For the past several years, the insurance industry has been urging Congress to eliminate three unpopular taxes that were designed to help pay for the Affordable Care Act. They finally listened… sort of. While the taxes have not been eliminated, the House and Senate did vote to postpone the Health Insurance Tax (HIT), the tax on High Cost Health Plans, better known as the Cadillac Tax, and the Durable Medical Equipment (DME) Tax. This was part of the January 22 deal to keep the government open for three weeks. The same bill also reauthorized the Children’s Health Insurance Plan (CHIP) for six years.
Health Insurance Tax
The Affordable Care Act also imposes a fee on insurance companies, or, as the IRS puts it, “each covered entity engaged in the business of providing health insurance for United States health risks.” The tax does not apply to self-insured employers, government entities, or certain nonprofit corporations.
The tax went into effect in 2013 with the first filings due by April 15, 2014. There was a one-year moratorium on the tax for 2017, but the Health Insurance Tax resumed January 1 of this year. Because it is a tax on insurance premiums, the HIT does have a direct impact on the amount that consumers pay for health insurance. In fact, some insurance companies are actually showing the amount of the total premium that is attributable to the tax on their quotes.
The January 22 deal provides a moratorium on the Health Insurance Tax for calendar year 2019, but does not eliminate the tax to be paid in 2018 on the 2017 data year.
The so-called Cadillac Tax was originally scheduled to go into effect this year but was previously postponed to 2020. Now we have two more years before we have to start worrying about it. The tax, which is unpopular among lawmakers on both sides of the aisle, would charge a 40 percent excise tax on employer-sponsored health coverage that exceeds certain thresholds.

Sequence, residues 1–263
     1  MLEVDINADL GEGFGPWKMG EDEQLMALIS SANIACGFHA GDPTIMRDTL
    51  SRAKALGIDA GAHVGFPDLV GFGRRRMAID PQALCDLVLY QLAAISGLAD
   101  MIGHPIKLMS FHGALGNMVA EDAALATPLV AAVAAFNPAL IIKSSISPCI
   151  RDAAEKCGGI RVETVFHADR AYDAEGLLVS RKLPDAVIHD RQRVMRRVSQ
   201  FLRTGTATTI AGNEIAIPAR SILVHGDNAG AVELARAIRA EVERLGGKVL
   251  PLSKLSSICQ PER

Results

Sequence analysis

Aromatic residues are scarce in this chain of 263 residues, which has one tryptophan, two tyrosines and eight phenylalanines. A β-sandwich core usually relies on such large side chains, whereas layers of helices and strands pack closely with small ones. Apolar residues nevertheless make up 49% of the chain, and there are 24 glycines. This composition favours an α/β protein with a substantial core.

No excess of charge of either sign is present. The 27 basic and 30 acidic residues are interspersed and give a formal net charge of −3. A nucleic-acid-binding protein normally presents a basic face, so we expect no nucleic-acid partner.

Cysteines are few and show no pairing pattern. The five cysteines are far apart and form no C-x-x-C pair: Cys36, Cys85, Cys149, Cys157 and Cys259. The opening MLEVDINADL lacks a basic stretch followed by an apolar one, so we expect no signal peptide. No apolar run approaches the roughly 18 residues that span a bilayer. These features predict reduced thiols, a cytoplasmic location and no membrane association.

Unfortunately, those threshold amounts are adjusted annually based on the consumer price index, not based on medical trend, so each year more and more employers would be subject to the tax, and the prevailing wisdom is that it would either cause employers to cut popular benefits like FSAs and worksite products or would lead to higher premiums for employees. Neither of those are desirable outcomes, which is why the insurance industry has been pushing back against the tax. At AHCP, we’re pleased with this two-year delay, but would like to see the tax eliminated altogether.
Durable Medical Equipment Tax
The tax on durable medical equipment, also known as the medical device tax, has been a big topic of debate ever since the Affordable Care Act was signed into law. As US News explains, the 2.3% excise tax applies to manufacturers and importers of pacemakers, prosthetics, and stents as well as advanced imaging technologies like X-rays, ultrasounds, MRIs, and CT scans. The IRS claims that the tax “generally does not apply to individual consumers,” but many argue that consumers will ultimately pay a higher price as a result of the tax.
The medical device tax went into effect in 2013, but Congress suspended the tax in 2016 and 2017. The tax resumed January 1 of this year, but the January 22 bill again postpones the tax for two years, and the suspension is retroactive to January 1. Absent another bill postponing or repealing the DME tax, it is now scheduled to resume January 1, 2020. The latest two-year delay, according to Stat News, “will cost the federal government about $3.7 billion during that time period.”
Chipping Away at the ACA
In addition to the ACA taxes that have been postponed, recent legislation, regulations, and executive orders have also eliminated the individual mandate penalty starting in 2018, shortened the open enrollment period in the individual market, cut advertising for Healthcare.gov by 90 percent, and halted reimbursements to insurance companies for the cost sharing reductions. We don’t yet know what the cumulative effect of all of these moves will be, but it’s clear from the premiums they’re charging that insurance companies are nervous about selling individual plans.
The hope, of course, is that there’s a method to their actions and that we might soon see a plan unveiled that will truly stabilize the individual market and encourage more insurers to offer coverage. This is an election year and congressional Republicans will certainly want to make good on their promise to replace the ACA. Democrats, on the other hand, will fight just as hard to keep it around. We’ll continue to monitor the situation and will let you know of any important changes.